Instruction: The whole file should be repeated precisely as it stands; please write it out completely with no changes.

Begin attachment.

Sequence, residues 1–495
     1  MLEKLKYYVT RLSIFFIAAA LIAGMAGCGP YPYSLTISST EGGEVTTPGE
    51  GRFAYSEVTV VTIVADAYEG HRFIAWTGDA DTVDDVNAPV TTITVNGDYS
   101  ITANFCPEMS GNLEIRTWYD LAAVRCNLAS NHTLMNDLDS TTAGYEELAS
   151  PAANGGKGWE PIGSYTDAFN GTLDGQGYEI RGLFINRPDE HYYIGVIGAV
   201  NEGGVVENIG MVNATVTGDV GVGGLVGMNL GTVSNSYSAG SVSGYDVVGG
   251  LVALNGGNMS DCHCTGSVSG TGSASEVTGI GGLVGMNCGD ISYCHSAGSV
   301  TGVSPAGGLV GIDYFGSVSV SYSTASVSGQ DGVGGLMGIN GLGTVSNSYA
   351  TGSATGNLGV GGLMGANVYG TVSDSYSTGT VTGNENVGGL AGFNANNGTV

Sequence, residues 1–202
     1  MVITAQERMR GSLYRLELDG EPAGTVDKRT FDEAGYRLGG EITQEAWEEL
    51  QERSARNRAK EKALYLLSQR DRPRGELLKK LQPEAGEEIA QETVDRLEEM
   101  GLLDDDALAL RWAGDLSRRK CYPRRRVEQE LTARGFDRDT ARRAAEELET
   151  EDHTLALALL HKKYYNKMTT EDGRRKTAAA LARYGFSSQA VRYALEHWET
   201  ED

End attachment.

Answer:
Sequence, residues 1–495
     1  MLEKLKYYVT RLSIFFIAAA LIAGMAGCGP YPYSLTISST EGGEVTTPGE
    51  GRFAYSEVTV VTIVADAYEG HRFIAWTGDA DTVDDVNAPV TTITVNGDYS
   101  ITANFCPEMS GNLEIRTWYD LAAVRCNLAS NHTLMNDLDS TTAGYEELAS
   151  PAANGGKGWE PIGSYTDAFN GTLDGQGYEI RGLFINRPDE HYYIGVIGAV
   201  NEGGVVENIG MVNATVTGDV GVGGLVGMNL GTVSNSYSAG SVSGYDVVGG
   251  LVALNGGNMS DCHCTGSVSG TGSASEVTGI GGLVGMNCGD ISYCHSAGSV
   301  TGVSPAGGLV GIDYFGSVSV SYSTASVSGQ DGVGGLMGIN GLGTVSNSYA
   351  TGSATGNLGV GGLMGANVYG TVSDSYSTGT VTGNENVGGL AGFNANNGTV

Sequence, residues 1–202
     1  MVITAQERMR GSLYRLELDG EPAGTVDKRT FDEAGYRLGG EITQEAWEEL
    51  QERSARNRAK EKALYLLSQR DRPRGELLKK LQPEAGEEIA QETVDRLEEM
   101  GLLDDDALAL RWAGDLSRRK CYPRRRVEQE LTARGFDRDT ARRAAEELET
   151  EDHTLALALL HKKYYNKMTT EDGRRKTAAA LARYGFSSQA VRYALEHWET
   201  ED